I always admire children who are well-behaved and well-mannered and parents who seem to have it all together in this department. What’s the secret to making sure your little ones are putting their best foot forward and using all the proper social graces (ahem, not slurping spaghetti or wiping their nose on your sleeve — not my kids, just an example)? I found the secret at The Plaza Finishing Program’s Children’s Etiquette Course with Beaumont Etiquette.
Plan to arrive punctually at The Eloise Shop at The Plaza (one can’t be late to an etiquette class!) and expect your little loved one to be greeted personally by the teacher. After shaking hands and saying how do you do, kids are escorted back to the Eloise Tea Room sans parents for this 90-minute etiquette experience. There were a few tears shed but the vast majority of kids happily retreated to the pink parlor to learn all about etiquette.
Anne Chertoff, COO, The Plaza Finishing Program & Beaumont Etiquette Project Director, told us that through The Plaza Finishing Program’s Children’s Etiquette Course the children, ages 5-9, are taught manners that they can use every day — at home, at school, at birthday parties, even when traveling on an airplane. She adds, “We want them to have a good foundation in how to be kind, considerate and respectful, which they will use not only as children but as adults too.”
Once inside the Children’s Etiquette Course with Beaumont Etiquette kids learn that etiquette is about being kind and respectful and generous, and learn etiquette lessons in a fun and playful way. My little lady said she learned why manners are important, where to use them, and how to practice them. To start, the kids went around the room to make introductions in a proper way, learned the definition of etiquette, and then it was on to some fun and games (since Beaumont Etiquette turns lessons into a fun game or activity). My daughter enjoyed the good and bad manners game. She said the teacher would show the group an action and they say if it’s a good or bad manner. They do this with green and red flags to note good and bad manners respectively. She was somehow surprised to learn that giving bunny ears in a photo is indeed bad manners.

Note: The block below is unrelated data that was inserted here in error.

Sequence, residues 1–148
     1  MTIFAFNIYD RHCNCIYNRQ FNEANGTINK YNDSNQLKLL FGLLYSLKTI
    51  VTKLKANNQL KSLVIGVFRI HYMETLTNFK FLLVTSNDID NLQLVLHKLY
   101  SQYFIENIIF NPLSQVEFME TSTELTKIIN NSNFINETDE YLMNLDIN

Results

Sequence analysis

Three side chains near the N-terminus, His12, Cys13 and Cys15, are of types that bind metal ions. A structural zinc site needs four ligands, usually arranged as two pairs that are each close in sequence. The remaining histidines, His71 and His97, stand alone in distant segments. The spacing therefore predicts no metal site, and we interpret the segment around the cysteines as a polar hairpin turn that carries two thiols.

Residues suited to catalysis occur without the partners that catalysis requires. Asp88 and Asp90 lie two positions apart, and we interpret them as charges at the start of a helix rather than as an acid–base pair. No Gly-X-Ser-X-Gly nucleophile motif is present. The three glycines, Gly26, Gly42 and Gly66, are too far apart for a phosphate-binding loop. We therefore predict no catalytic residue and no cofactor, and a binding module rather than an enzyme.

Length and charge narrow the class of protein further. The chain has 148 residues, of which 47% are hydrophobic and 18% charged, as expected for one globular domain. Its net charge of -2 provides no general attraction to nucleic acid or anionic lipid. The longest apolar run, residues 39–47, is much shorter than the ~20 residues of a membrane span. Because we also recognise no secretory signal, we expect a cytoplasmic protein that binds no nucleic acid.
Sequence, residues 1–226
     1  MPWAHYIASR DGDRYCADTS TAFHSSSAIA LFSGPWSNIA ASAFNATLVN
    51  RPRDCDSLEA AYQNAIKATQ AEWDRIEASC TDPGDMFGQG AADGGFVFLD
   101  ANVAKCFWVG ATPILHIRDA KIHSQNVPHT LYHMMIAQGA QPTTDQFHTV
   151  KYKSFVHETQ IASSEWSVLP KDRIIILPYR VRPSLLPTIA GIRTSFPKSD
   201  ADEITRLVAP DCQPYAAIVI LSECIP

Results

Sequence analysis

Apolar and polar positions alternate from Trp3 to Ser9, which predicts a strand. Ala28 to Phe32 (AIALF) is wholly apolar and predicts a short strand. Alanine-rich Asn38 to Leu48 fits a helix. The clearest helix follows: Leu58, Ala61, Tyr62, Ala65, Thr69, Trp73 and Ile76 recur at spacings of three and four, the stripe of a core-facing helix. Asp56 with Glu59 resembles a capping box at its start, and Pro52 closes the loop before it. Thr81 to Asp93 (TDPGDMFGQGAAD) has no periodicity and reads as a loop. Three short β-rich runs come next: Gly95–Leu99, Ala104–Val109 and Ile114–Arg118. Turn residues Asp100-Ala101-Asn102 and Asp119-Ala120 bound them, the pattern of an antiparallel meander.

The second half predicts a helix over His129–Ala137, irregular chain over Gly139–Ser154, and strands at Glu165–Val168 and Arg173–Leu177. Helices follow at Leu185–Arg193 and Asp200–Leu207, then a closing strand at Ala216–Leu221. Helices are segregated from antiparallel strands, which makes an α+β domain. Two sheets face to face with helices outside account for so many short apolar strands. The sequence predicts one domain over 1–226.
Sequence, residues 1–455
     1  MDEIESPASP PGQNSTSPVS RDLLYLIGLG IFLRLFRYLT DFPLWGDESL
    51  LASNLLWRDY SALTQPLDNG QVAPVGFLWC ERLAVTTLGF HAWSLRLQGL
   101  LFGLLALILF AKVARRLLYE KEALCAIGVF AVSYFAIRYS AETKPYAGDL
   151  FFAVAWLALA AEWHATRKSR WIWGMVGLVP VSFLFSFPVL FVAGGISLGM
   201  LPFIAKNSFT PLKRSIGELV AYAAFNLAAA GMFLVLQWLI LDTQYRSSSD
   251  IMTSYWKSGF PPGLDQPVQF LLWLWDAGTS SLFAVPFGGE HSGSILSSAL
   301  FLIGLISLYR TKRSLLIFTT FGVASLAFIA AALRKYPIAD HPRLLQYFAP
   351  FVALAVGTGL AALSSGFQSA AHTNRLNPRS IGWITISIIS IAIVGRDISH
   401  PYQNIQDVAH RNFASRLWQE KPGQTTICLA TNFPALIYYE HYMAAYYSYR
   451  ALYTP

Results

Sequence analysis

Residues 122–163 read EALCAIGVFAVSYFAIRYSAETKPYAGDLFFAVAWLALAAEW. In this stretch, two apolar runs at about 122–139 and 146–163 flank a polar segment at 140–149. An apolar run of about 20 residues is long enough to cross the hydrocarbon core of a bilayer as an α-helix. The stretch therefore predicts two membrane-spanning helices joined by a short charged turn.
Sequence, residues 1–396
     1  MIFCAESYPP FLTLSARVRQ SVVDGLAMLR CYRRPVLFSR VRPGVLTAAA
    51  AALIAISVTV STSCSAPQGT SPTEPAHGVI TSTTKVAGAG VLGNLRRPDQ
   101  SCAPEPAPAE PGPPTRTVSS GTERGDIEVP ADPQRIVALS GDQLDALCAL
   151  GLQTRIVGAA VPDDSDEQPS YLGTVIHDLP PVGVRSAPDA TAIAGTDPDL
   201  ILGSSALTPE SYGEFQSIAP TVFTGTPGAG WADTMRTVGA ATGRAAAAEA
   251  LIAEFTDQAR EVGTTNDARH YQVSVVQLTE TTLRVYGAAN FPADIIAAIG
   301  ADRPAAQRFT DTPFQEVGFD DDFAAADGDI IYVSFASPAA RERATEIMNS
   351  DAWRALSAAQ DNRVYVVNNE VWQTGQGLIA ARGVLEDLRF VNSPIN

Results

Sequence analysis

Next, it was on to some arts and crafts. Each student was able to select his/her favorite color paper to make a manners tree. Then they are encouraged to write or draw some manners that they learned. After, the students get to bring the tree home to remind them of their favorite lessons learned and to apply them after the program.
Photo by Town and Country Magazine
For dining etiquette, they have the kids set the table after they show them what a place setting should look like, and then they get to practice how to use cutlery and a napkin while enjoying tea sandwiches, bite-sized pastries, fruit kebabs and pink lemonade! Yum! My darling daughter came out of the course with a giant smile and acting like a proper little lady. There was mild disappointment that there was no certificate of completion or Eloise gift (warning: you literally walk through the Eloise store with all its Eloise-themed gift temptations to enter and leave the tea parlor) but there is a sense of accomplishment.
She was enthusiastically using her please, thank you, and best manners, telling others how to properly place and use napkins, and practicing the proper way to use her cutlery and table manners. It is a beautiful thing!
Anne says that the best way to practice the manners learned in the course is to “have kids use them in real-life settings, such as setting the table for dinner every night, involving them in planning holidays — what job do they want, have them organize activities for the other children — and play games where you ask them what they would or should do in various situations.” When asked about the top manners that need correcting for children, she told us, “using cutlery is tough for kids because they may not have been taught how to hold a knife and fork correctly but they are quick learners and get to practice cutting their food. Speaking to and addressing adults and peers is also something parents often love that we focus on.”
Will my daughter remember proper posture, table settings, and napkin placement next week (or even tomorrow) or better yet, remember to always apply these lessons? I am cautiously optimistic that she will and so far so good (and I’m hoping this sticks!). Most importantly, however, she was delighted with the experience and I am overjoyed with the outcome. My little lady learned that etiquette is essential and was reminded to always be respectful, to always be kind, and to put her best foot forward, and I couldn’t ask for anything more.
For more information and a schedule of upcoming events, please visit beaumontetiquette.com
About The Plaza Finishing Program’s Children’s Etiquette Course with Beaumont Etiquette
The Plaza Finishing Program’s Children’s Etiquette Course with Beaumont Etiquette is an etiquette class for boys and girls, ages 5 to 9. Children will learn the fundamentals in both dining and social etiquette, including, but not limited to basic table manners, greeting adults with respect, making friends and positive body language and eye contact. In New York City the course is taught in The Plaza’s Eloise Tea Room and is limited to 24 students. The children’s program is $150 per child and includes light refreshments and beverages. Click the links below to register for an upcoming summer or fall 2019 Children’s Etiquette Course: